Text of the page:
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Monday, 11 June, 2001, 22:20 GMT 23:20 UK
Russia's respect for yo

By Steve Rosenberg in Moscow

If there is one thing that Russians love to do, it is build statues.

They build them to princes and poets, writers and revolutionaries - in fact to anyone who has made almost any contribution to this country's rich and often turbulent history.

It was Lenin, of course, who cornered the market in statues - in Soviet times there used to be whole factories pumping them out.

Even today, his cast-iron image dominates most town centres in Russia.

Home invention

As you would expect that includes Ulyanovsk, Lenin's home town, where there are three of them.

Now, officials in Ulyanovsk say they are planning a brand new statue which, they believe, will be the most original ever built in Russia.

Lenin statue Moscow
Lenin is being replaced in Russia as the subject of statue-makers
It will not be dedicated to Lenin, though. Nor any other human being.

Instead, this will be a statue to a letter of the Russian alphabet. The letter "yo" to be exact.

You might wonder how a simple letter came to earn such a mark of respct.

After all, it does not look particularly special - nothing more than an e with two dots on the top.

But in Ulyanovsk they are very proud of their "yo". It was created by one of the town's finest sons - the writer Nikolai Karamzin - 200 years ago.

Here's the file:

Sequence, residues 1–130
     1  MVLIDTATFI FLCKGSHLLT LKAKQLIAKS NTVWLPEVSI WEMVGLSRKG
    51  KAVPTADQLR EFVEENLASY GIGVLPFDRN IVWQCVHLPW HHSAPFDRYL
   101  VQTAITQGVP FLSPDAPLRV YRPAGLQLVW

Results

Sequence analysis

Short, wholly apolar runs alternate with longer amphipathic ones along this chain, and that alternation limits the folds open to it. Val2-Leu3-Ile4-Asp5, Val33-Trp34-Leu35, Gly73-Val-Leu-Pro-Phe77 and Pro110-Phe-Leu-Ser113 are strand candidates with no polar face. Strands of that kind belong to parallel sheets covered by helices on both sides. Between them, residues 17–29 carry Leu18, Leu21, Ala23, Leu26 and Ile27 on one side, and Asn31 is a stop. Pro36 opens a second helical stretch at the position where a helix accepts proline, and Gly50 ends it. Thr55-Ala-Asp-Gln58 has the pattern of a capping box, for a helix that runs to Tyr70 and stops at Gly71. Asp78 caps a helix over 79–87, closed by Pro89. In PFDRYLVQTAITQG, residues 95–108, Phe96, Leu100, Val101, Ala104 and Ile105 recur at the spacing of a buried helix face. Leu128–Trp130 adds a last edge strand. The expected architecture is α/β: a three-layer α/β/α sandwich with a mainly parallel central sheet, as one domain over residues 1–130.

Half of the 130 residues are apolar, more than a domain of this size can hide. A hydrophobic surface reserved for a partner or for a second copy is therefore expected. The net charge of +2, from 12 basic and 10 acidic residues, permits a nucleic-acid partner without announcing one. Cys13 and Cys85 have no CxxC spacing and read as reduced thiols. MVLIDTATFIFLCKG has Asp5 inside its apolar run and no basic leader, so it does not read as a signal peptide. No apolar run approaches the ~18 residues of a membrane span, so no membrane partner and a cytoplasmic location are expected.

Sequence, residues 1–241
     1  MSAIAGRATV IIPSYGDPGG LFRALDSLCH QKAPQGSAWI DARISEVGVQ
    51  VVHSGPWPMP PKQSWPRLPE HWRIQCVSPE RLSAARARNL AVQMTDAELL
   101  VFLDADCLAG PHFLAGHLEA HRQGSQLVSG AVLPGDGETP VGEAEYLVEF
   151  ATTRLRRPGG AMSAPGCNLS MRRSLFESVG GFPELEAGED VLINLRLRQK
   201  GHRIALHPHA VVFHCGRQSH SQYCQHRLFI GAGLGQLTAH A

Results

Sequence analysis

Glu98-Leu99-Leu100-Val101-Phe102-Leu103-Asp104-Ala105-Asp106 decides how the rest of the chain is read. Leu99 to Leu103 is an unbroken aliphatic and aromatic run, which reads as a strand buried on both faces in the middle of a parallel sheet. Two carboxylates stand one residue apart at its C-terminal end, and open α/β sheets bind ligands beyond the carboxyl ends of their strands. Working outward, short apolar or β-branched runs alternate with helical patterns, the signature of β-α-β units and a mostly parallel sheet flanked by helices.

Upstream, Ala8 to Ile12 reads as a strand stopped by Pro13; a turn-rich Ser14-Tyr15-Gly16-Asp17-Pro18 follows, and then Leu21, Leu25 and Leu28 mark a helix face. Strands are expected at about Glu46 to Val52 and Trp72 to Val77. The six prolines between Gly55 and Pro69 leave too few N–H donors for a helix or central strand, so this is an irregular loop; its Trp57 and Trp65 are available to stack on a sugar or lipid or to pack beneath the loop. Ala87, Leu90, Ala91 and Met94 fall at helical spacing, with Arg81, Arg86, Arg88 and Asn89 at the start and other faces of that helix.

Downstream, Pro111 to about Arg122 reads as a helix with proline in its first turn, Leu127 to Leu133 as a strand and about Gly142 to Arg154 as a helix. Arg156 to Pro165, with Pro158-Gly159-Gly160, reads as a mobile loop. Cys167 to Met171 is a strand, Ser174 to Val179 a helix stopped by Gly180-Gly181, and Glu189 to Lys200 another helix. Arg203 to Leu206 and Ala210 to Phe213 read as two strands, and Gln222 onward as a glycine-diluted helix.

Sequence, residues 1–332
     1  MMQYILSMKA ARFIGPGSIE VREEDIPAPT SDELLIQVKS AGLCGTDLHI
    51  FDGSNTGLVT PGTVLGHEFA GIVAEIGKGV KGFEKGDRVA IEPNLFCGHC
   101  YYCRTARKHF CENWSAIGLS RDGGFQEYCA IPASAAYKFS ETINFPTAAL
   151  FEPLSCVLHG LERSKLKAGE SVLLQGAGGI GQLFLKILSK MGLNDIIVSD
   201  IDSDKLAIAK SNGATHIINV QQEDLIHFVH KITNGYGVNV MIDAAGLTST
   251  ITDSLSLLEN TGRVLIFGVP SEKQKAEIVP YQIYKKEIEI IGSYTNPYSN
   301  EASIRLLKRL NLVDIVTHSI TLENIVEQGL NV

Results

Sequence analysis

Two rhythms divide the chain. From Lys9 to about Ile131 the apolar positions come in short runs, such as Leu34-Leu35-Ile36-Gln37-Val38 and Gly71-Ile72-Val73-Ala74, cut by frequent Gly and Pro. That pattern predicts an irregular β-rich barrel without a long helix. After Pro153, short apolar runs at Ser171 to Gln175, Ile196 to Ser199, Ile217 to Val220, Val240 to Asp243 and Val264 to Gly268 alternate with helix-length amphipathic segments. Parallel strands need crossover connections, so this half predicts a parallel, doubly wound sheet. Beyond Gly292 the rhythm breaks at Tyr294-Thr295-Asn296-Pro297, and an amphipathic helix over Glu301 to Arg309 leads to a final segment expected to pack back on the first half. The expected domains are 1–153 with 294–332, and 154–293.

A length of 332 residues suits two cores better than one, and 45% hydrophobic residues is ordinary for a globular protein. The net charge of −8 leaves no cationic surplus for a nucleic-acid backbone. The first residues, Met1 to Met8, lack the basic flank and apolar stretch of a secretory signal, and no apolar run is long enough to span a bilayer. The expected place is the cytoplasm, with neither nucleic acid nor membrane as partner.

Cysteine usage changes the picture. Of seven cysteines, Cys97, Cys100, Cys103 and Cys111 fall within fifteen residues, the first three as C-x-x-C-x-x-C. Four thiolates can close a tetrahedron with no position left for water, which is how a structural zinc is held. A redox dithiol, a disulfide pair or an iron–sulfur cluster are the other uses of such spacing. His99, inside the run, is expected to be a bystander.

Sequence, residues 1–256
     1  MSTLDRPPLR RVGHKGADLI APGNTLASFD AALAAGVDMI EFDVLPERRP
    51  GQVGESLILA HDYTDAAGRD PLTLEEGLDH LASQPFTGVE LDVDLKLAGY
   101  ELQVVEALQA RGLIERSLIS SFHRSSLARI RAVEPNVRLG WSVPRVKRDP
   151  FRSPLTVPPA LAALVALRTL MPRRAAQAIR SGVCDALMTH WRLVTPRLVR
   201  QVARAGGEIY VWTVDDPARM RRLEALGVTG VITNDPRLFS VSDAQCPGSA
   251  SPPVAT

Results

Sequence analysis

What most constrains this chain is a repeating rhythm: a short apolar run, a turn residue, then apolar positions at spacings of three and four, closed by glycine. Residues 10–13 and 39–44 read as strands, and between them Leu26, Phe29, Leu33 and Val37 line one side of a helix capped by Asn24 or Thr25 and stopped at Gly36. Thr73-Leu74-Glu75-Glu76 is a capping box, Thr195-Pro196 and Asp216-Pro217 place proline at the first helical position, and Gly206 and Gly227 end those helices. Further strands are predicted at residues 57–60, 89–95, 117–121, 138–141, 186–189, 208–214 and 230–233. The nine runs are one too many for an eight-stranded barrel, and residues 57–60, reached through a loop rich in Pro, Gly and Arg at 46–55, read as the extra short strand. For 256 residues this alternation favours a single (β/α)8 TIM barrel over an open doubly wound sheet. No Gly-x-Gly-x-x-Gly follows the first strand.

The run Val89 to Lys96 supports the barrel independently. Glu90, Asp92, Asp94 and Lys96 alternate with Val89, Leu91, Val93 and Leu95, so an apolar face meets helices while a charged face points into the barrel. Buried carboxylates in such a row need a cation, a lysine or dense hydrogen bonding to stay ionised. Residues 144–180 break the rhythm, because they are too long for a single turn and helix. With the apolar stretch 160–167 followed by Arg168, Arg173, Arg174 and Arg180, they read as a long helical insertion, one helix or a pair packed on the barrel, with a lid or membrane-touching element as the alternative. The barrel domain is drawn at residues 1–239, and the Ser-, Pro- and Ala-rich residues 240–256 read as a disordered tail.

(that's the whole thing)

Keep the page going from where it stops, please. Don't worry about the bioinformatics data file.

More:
The story goes that Karamzin got fed up of writing two separate letters - an i and an o - every time he wanted a "yo".

So in a stroke of genius with a flash of his quill he created a single character and the rest - as they say - is linguistic history.

Russian feelings

What Karazmin may not have suspected is just how popular his invention would become.

Russians quickly took the "yo" to their hearts - for this is a letter which - like no other in their language - expresses what Russians are really feeling.

It's unfortunate that so many bad words begin with yo. But this letter tells us so much about Russian culture

Sergei Petrov
Just open any dictionary of Russian slang - and you will find that the nation's most colourful swear words all begin with the letter "yo". Even the cleaner versions.

Drop something heavy on your toe and you may be forced to cry out "Yo my yo!" - goodness me.

Then there is yokolomenee, yolki palki - the list of "yo" exclamations is as long as the Russian steppe.

Cleaner image

The man behind the statue is Ulyanovsk's local philosopher, Sergei Petrov.

He has organised a competition to select the most imaginative design. Sergei hopes the statue will help clean up the letter "yo"'s soiled image.

"It's unfortunate," Sergei told me, "that so many bad words begin with yo. But this letter tells us so much about Russian culture."

Sergei, though, would be wrong to think that his town has a monopoly on strange statues.

Seven hundred kilometres north-west of Ulyanovsk, in the town of Uglich, work is under way to build Russia's first ever vodka statue.

There can be no greater celebration of Russian culture than that. It is enough to make Lenin turn in his mausoleum.

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